Custard and Pine Nuts Tart

(makes 8 – 10 slices)

Custard and Pine Nuts Cake


For the crust and decoration

  • 300g all-purpose flour;
  • 100g butter, softened;
  • 1 egg;
  • 80 g sugar;
  • 1 tablespoon icing sugar;
  • 1 teaspoon baking powder;
  • 1 teaspoon vanilla flavouring;
  • 1 pinch of salt;
  • Pine nuts – as many as you like!

For the custard

  • 2 egg yolks;
  • 2 tablespoons sugar;
  • 3 tablespoons flour;
  • 500ml skimmed milk;
  • The zest of 1 lemon.


Prepare the crust

  • Mix the flour, baking power, salt and butter, kneading well until you obtain a soft, breadcrumb-like paste, and no more lumps of butter are left. A food processor comes in very handy here, but if you don’t have one you can very well use your hands.
  • Add the sugar and icing sugar, and continue kneading.
  • Add the egg and vanilla flavouring, and knead again, until the mix is well smooth and you can compact it in a big ball.
  • Wrap the ball in cling film; put it in the fridge and leave it aside for about half an hour.

In the meantime…prepare the custard

  • Pour the milk into a small saucepan; add the lemon zest (either grated, or cut into big chunks), put the saucepan on the hob, and bring the milk to a boil.
  • Whisk the yolks and sugar together, until you obtain a frothy paste. It takes less than two minutes with a good hand mixer, slightly more with the old-fashioned whisk I’m afraid…
  • Add the flour to the egg-and-sugar mixture and blend it with a metal spoon, until no more lumps are left.
  • Add the paste to the hot milk (you’ll need to remove the lemon chunks before doing it; if you grated the zest, on the other hand, just ignore this). Leave the saucepan on the hob (I recommend low heat) and continue heating it up, while stirring with your metal spoon. Go on until you obtain a thick, smooth cream; then turn off the hob and leave aside to cool down.

Almost done: put the tart together!

  • Line a round baking tin with flour, so that the cake doesn’t stick to the bottom. That’s right, no butter! Isn’t it amazing? For one like me, who can’t stand the greasy feel of butter on my fingers, finding out that flour is more than enough to have the cake come off the tin without a hitch was a much welcomed epiphany.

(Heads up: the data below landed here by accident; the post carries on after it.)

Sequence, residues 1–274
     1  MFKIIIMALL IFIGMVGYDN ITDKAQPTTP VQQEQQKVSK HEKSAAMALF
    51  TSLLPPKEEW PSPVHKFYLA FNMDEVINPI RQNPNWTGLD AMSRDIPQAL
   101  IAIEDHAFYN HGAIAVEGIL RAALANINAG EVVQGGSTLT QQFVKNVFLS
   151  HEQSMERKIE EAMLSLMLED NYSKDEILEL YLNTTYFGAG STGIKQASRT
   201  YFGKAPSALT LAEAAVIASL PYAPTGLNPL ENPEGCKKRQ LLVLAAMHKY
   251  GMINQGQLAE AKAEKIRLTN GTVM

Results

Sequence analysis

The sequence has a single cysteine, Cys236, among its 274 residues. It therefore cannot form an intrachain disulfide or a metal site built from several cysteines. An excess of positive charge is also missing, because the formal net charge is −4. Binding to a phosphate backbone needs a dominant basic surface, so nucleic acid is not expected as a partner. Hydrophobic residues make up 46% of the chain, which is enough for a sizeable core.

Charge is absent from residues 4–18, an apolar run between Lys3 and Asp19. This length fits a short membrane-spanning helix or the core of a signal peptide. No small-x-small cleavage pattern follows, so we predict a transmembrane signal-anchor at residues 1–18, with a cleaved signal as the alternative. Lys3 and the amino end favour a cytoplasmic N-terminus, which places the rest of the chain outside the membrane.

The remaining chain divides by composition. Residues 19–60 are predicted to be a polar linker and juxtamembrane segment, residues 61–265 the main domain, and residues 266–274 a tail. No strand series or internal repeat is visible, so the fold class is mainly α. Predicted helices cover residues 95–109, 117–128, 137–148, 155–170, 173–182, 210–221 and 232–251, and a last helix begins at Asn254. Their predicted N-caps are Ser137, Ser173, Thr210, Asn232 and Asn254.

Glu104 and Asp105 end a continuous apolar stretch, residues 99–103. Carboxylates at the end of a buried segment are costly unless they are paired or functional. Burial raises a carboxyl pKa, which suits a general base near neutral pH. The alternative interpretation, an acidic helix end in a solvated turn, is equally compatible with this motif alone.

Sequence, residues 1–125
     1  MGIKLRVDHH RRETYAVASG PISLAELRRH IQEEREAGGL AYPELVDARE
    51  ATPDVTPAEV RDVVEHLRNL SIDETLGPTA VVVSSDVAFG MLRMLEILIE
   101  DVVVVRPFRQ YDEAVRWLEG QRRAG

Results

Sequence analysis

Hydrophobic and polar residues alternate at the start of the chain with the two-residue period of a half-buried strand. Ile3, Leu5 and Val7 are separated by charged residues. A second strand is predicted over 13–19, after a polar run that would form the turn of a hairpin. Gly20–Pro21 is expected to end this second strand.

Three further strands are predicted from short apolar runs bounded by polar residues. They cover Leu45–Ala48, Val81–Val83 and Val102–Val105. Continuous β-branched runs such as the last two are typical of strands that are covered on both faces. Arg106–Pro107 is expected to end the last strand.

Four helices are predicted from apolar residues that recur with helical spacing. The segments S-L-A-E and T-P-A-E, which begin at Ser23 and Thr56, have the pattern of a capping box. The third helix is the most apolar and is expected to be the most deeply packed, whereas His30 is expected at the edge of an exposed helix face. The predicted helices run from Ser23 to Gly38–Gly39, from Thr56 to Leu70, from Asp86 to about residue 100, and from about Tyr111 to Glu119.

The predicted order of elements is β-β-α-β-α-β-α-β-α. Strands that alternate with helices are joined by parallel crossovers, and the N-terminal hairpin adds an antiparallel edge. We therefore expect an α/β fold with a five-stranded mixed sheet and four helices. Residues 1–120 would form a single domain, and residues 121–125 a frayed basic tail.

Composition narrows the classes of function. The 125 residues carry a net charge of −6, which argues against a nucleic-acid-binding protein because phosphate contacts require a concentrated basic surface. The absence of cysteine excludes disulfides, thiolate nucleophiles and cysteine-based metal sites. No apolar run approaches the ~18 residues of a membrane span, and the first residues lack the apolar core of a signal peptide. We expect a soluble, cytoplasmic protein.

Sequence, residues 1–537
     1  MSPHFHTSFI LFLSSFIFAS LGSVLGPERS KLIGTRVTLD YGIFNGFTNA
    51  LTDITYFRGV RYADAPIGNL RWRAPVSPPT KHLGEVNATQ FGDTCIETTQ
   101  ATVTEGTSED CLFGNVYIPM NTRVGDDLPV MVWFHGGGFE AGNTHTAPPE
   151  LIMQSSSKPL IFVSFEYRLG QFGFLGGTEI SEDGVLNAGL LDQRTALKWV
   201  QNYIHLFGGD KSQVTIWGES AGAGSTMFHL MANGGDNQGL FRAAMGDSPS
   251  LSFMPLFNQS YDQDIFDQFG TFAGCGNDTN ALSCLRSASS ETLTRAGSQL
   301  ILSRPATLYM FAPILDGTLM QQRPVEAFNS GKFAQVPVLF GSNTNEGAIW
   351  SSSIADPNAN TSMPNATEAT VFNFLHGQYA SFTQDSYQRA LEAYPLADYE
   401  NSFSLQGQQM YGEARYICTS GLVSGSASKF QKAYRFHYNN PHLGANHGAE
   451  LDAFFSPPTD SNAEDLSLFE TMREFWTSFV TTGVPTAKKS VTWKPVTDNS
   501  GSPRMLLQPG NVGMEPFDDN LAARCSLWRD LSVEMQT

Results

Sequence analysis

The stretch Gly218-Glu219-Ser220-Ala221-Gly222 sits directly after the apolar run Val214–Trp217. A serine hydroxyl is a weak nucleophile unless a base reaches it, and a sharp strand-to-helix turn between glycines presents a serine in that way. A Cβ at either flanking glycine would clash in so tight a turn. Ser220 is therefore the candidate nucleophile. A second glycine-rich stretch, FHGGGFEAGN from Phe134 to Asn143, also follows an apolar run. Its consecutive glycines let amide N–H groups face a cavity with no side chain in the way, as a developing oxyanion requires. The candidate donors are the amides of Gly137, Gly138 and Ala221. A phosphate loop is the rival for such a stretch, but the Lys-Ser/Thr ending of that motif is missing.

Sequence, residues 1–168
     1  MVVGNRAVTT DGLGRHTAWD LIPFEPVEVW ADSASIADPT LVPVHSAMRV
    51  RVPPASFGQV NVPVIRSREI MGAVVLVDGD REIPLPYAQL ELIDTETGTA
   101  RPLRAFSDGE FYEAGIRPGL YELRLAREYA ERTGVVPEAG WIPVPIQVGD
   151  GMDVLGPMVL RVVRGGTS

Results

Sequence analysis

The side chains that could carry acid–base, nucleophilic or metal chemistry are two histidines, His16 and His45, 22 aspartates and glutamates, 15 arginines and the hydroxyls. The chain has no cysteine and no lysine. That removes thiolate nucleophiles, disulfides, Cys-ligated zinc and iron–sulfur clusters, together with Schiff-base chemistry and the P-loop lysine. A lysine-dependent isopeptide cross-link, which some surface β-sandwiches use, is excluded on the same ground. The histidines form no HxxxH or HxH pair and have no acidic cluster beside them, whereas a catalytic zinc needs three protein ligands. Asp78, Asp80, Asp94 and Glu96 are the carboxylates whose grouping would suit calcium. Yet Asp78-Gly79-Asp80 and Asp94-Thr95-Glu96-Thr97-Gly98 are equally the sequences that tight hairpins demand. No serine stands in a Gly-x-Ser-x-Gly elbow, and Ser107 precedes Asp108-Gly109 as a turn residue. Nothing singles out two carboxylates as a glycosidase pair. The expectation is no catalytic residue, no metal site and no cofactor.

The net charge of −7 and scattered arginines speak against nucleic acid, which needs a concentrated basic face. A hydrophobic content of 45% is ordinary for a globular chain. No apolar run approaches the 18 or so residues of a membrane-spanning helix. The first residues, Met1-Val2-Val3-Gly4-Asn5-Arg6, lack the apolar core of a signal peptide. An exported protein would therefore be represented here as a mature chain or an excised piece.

• Take the cake base out of the fridge; unwrap it from the cling film, and roll out about 3/4 of it in the cake tin, leaving the rest aside for decoration. You should make sure that the bottom is well covered, and that there’s enough pastry to create a 3 – 4cm border all around.
  • Pour the custard on the base, and level it out with a palette knife, or the aforementioned metal spoon
  • Have a look at the pastry border. If you have done everything well so far, it should reach a little higher than the custard, and you’ll only need to press it down with your fingers until it’s roughly at the same level.This will make sure that, when the cake is ready, the crust will have the same chunky look as in the picture, and not be too thin.
  • Cut the remaining pastry into any shape that you like, and put it on top of the cream.
Custard and Pine nuts Cake - in progress(this is how it looked like right before the very next step)
  • Finally, sprinkle the pine nuts all around, covering as much of the custard as you can.
  • Pre-heat the oven to 180°, and bake for about 45 – 50 minutes.
  • Once the cake is ready, take it out and leave it aside to cool down.

Since this is a celebratory cake, and I certainly don’t wish you to be celebrating alone, get out as many plates and forks as you can, and share it with your loved ones. Then spare a few minutes to leave a comment on here, and let me know if you liked it. Deal?